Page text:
I'll give credit where credit is due: TheWall Street Journal has genius editors.
Sure, the reporters aren't half bad either. But the editors do a bang-up job of captioning their paper's sections with attention-getting titles. Take my favorite Journal feature, the provocatively titled "Inside Track." How can you not read a column offering the siren call of inside market information?
Of course, that's not what "Inside Track" really covers. (Obviously, the SEC might frown upon that.) Instead, every week it picks a company that's giving off interesting signals in the form of insider buys and sells -- clues, perhaps, to the company's future. Come to think of it, that's pretty darn close to inside information after all. And it's legal to boot!
Did you have a point, or are you just selling Journal subscriptions?
Fair question. Yes, I'm going somewhere with this, and no, I'm not on the take. (I'm actually about to cancel my own Journal subscription to escape the 33% price hike they're trying to pawn off on subscribers.)
In Wednesday's edition, "Inside Track" reported unusual buying activity at Canadian filmmaker Lions Gate Entertainment
So this is a sure thing, right?
Not so fast. Last month, in "Insiders Aren't Omniscient," I examined a pattern of "insider" buying by two major investors in Virginia software company ePlus
Conventional wisdom isn't always right, though -- and that was the case at ePlus. When the company's quarterly earnings were eventually released on Aug. 15, lo and behold, the company suffered a 40% decline in earnings. Oops. Which just goes to show: Follow the leader may be fun and all, but you still need to keep an eye on where you're being led. And it wouldn't hurt to ask the leader how long he or she expects the trip to take, while you're at it.
Before we get too excited over the apparent buying frenzy at Lions Gate, it may be worth checking this feline for fleas.
A quick look at the company's insider transactions page on Yahoo!'s Finance site confirms the Journal's facts. But it also tells you a few things the Journal left out. For instance, while many executives were buying Lions Gate stock, one officer was quietly cashing out -- exercising 25,000 stock options at a bargain $2.55 a pop, and selling them all off for a 277% profit. In addition, the VP's purchase was a mere thousand-share lot. As we've seen at other companies, such relatively small insider purchases don't necessarily indicate a bright future. (Xybernaut, for example, went bankrupt soon after a series of such buys.) Sometimes they only indicate an exec's desire to paint a bright picture of that future.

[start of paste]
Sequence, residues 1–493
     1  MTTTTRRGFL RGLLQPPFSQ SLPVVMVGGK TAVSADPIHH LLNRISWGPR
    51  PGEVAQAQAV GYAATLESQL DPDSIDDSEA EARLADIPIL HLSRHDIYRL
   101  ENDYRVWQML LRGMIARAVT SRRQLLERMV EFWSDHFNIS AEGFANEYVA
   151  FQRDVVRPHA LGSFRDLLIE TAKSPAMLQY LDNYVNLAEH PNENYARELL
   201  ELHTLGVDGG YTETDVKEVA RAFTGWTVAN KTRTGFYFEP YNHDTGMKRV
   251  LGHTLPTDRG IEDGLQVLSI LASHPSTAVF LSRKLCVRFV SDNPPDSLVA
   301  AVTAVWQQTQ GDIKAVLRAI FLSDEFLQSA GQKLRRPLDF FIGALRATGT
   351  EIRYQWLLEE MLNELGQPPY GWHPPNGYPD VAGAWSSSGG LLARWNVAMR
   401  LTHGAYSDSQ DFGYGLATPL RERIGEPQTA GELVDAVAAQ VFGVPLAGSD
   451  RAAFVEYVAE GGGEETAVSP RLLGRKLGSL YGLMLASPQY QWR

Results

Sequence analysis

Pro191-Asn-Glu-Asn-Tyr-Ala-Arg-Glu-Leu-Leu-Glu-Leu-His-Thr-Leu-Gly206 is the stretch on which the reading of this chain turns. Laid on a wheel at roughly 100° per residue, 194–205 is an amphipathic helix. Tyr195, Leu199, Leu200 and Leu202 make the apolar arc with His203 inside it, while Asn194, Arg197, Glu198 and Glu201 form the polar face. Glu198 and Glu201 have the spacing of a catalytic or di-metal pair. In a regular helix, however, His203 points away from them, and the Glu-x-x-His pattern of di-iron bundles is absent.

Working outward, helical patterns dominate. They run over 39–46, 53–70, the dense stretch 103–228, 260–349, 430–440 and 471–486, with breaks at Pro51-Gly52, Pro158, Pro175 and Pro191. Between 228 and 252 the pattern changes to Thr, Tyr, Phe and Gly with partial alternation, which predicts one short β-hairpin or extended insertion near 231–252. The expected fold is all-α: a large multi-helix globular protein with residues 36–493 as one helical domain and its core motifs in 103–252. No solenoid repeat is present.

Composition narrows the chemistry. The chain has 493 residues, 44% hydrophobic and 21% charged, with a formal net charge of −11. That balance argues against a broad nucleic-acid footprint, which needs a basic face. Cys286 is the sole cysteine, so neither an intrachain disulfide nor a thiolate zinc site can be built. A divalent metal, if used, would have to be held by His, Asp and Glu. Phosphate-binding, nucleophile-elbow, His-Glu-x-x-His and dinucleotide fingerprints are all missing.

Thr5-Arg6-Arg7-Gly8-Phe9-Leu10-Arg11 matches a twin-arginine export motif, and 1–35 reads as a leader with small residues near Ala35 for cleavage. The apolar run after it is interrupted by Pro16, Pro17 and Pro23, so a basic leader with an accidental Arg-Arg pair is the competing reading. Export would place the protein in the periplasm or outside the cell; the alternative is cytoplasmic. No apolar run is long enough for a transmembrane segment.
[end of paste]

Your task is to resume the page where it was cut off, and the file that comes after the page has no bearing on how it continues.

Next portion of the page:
Moreover, August's executive shopping spree has been the exception at Lions Gate. Over the past six months, insiders have actually been net sellers, divesting a net 9.1% of their holdings in the company.
A thorn in Lions paw
Why might Lions Gate executives sell more than they've bought this year? Well, sometimes you have to get while the getting is good. Lions Gate's movies have proven exceedingly good for the company's stock price in recent months. In fact, since mid-2004, Lions Gate has broken a string of cash-flow negative quarters, generating a total of $122.6 million in free cash flow over the past 15 months.
Prior to that, however, this lion was limping. Over the 15 months leading up to mid-2004, Lions Gate experienced net cash outflows of $106.8 million. It would seem that Lions Gate is a "feast or famine" business.
Whether you, as an investor, ultimately decide to stick your head in this lion's maw is a personal choice, of course. Perhaps you're convinced that the executives wouldn't put their own money on the line if they didn't expect great things. Perhaps you, too, believe that the company has turned a corner. After all, in addition to its recent film successes -- Fahrenheit 9/11 and Saw among them -- Lions Gate's television subsidiary has also been going gangbusters. It's produced Missing for Disney
If Lions Gate can keep this up, investors both outside and inside may soon feel like they're rolling in lion-sized equity catnip.
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